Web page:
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DOE SunShot Initiative powers up ASU solar research projects

Two new solar research projects at Arizona State University will receive funding from the U.S. Department of Energy, the SunShot Initiative announced today. Both projects, funded under the Small Innovative Projects in Solar (SIPS) program, have the potential to dramatically reduce solar energy production costs.

The SunShot Initiative is designed to accelerate the market competitiveness of solar energy by targeting production cost reductions and increased solar deployment, with a 2020 target cost for utility-scale solar technologies that is roughly equal to electricity generation from fossil fuels.

Unconventional Tandem System

ASU Assistant Professor Zachary Holman. Photographer: Photographer: Jessica Hochreiter/ASU

ASU Assistant Professor Zachary Holman. Photographer: Photographer: Jessica Hochreiter/ASU

Current photovoltaic modules have efficiencies of about 15-20 percent. Principal Investigator Zachary Holman, an ASU assistant professor, and Co-investigator Roger Angel, a Regents’ Professor at the University of Arizona, have proposed using an unconventional, tandem system to raise efficiency to greater than 30 percent. The new configuration is expected to open the door to manufacturing future tandem modules and bring solar energy production costs well below the DOE SunShot goal of $0.06 per kilowatt hour.

In conventional, single-junction silicon photovoltaic modules, infrared photons are efficiently converted into electricity, but much of the energy carried by visible photons is lost as waste heat. The proposed technology aims to remedy this by splitting the solar spectrum, directing infrared photons to a silicon solar cell, and directing visible photons to a gallium arsenide (GaAs) solar cell that is better suited to this energy range.

At the heart of the technology is a “PVMirror” — a silicon photovoltaic module that incorporates a spectrum-splitting optical coating and that is bent into a parabolic trough. The optical coating transmits infrared photons to the silicon cells while reflecting visible photons. Because the PVMirror is curved, the reflected photons arrive at a common focus, at which a GaAs solar cell is placed. This design has significant technological advantages over other tandem photovoltaic designs: the sub-cells do not need to be current matched, lattice matched, or process compatible, and the tandem converts some diffuse light (in addition to direct light) to electricity.

“We believe this SunShot project will allow us to demonstrate the first 30-percent-efficient silicon-based tandem mini-module within one year. We’re excited because this represents a significant bump above the present state of the art and the technology has commercial potential,” says Holman.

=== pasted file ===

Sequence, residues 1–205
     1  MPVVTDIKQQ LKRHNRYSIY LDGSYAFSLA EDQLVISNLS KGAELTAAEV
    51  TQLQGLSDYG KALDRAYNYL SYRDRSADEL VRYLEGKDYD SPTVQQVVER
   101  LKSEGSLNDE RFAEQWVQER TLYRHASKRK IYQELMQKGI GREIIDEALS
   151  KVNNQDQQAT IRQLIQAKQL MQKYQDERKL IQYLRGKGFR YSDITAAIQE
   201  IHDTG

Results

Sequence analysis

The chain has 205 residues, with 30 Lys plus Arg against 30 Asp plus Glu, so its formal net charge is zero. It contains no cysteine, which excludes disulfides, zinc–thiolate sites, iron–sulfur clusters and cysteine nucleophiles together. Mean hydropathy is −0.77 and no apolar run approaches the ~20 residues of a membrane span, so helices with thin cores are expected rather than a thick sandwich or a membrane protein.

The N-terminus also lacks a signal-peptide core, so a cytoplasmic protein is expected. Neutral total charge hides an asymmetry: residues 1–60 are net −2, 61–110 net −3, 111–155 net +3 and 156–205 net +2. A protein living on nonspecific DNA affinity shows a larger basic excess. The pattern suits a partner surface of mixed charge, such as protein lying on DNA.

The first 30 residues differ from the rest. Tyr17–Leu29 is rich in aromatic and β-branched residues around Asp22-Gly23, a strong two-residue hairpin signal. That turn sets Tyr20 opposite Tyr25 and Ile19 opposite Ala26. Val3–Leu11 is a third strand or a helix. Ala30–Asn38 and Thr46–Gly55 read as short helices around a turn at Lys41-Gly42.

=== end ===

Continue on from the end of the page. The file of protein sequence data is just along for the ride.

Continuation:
Loss and cost analyses based on data gathered during the project will reveal technological and market opportunities and risks for future PVMirror tandem module development.

Holman is an expert in photovoltaics and silicon solar cells in particular; Angel is an expert in optics and concentrators. With their complementary expertise, the team will fabricate solar cells, construct PV Mirrors, measure their efficiency outdoors on a sun tracker, and analyze the potential of the technology to break open a new photovoltaic market.

Silicon Wafer Technology

ASU Assistant Professor Mariana Bertoni. Photographer: Jessica Hochreiter/ASU

ASU Assistant Professor Mariana Bertoni. Photographer: Jessica Hochreiter/ASU

Principal Investigator Mariana Bertoni, an ASU assistant professor, has proposed a modified technique, sound-assisted low temperature (SALT) spalling, to peel a wafer from a silicon block by applying a tensile stress at low temperatures, as a method of eliminating kerf loss — the amount of material “lost” in the cutting process.

Kerf losses are associated with any type of cutting or sectioning of materials. Sawdust is an example of the kerf loss when sawing a piece of wood. In classical wire sawing technologies, kerf loss can equal to the thickness of the silicon wafers.

The proposed SALT process eliminates traditional abrasive slurries, wires, and multiple cleaning steps while doubling the yield of a silicon ingot. The idea is to precisely engineer the stress applied to layers in order to spall thicker wafers, control the fracture front to ensure high quality surfaces, and rely on low temperature processes to minimize unwanted decrease of carrier lifetime — an important indicator of substrate quality.

“The key challenges are to maintain the silicon quality during the process as well as controlling the motion of the fracture front. If we can achieve this we will have a game changing technology in our hands with untapped potential beyond silicon,” says Bertoni.

SALT technology, combined with state-of-the-art manufacturing, has the transformative potential to achieve highly efficient, lightweight and inexpensive solar models at far below current industry costs.

Bertoni is an expert in defect engineering of solar cell materials, transparent conducting oxides, defects in semiconductors, synthesis, growth and deposition of semiconductors, electrical and optical characterization, X-ray microscopy and spectroscopy.

Media Contact
Terry Grant,
Ira A. Fulton Schools of Engineering


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